Words of Wisdom:

"only users lose drugs!" - Gautam

Ray Bradbury

  • Date Submitted: 10/30/2012 05:29 PM
  • Flesch-Kincaid Score: 56.3 
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“You don’t have to burn books to destroy a culture;
Just get people to stop reading them”

Ray Bradbury proved his point in his 1953 in his book, titled Fahrenheit 451, which many consider to be Bradbury's masterpiece, and his most well-known work.   The book’s plot covers a fiery decree of censorship, set in a future world, where any sort of written literature is forbidden.   Groups of rebels, in an attempt to save the history and culture of the “nation,” go forth in the task of memorizing entire books and philosophies, before what is left of written word is all burned by the totalitarian state of the time. Bradbury was a legendary sci-fi writer, whose books, poems, and other creative feats were translated into more than 40 languages.   His works of literary art have sold tens of millions of copies around the world. Although he dreamed up of incredibly imaginative worlds, filled with futuristic technology (which isn’t too far off today), he had never driven a car and did not even own one.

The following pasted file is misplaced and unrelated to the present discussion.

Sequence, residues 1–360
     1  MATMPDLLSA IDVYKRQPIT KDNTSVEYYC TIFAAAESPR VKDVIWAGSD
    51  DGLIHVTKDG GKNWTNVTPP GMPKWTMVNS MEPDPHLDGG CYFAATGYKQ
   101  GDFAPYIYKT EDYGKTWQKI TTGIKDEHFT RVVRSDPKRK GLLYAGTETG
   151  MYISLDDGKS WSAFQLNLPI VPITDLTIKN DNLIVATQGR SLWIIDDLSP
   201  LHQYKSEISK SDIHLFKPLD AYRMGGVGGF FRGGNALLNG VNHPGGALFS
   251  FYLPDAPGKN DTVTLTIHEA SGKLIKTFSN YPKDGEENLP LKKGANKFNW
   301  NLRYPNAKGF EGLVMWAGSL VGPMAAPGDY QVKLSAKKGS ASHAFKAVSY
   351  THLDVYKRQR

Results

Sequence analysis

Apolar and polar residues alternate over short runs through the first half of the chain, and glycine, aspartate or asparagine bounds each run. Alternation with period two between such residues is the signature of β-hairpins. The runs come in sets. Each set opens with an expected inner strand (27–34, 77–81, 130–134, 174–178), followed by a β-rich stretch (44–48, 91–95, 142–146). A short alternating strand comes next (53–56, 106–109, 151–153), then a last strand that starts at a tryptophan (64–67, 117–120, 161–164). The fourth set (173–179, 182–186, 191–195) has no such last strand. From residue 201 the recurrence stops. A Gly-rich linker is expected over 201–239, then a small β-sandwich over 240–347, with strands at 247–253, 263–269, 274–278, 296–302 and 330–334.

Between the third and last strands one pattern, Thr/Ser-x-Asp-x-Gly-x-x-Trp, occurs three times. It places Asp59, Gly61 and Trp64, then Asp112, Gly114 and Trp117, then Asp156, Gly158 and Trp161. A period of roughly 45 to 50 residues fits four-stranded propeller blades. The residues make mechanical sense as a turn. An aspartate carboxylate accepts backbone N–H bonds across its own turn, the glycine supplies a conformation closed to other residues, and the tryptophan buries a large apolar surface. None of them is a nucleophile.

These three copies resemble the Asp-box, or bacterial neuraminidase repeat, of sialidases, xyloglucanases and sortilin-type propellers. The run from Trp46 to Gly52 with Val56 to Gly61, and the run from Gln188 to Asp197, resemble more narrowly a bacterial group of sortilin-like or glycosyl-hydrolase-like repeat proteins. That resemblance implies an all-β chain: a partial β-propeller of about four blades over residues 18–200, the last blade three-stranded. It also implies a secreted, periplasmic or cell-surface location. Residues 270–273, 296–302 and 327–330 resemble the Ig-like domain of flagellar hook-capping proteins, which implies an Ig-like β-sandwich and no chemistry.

Ray Bradbury was born on August 22, 1920, in Waukegan, Illinois. His father was a telephone lineman. The family moved to Los Angeles in 1934 and after graduating from secondary school, and young Bradbury got a job selling newspapers on street corners. He began to write short stories and got into setting up his own magazine, but it was only when he was 21 years old that he made money from his writing. His first paid publication was a story called “Pendulum,” published in the magazine Super Science Stories. That same year, he gave up his newspaper job and became a full-time writer, and thankfully for this man, he didn’t switch careers.   He kept writing, and writing, and writing… from novels to short stories to plays to poems, Bradbury enjoyed his job. In all, Bradbury has published over thirty books, almost 600 short stories, and numerous poems, essays, and plays. His short stories have appeared in more than 1,000 school curriculum "recommended reading" anthologies. Besides the...

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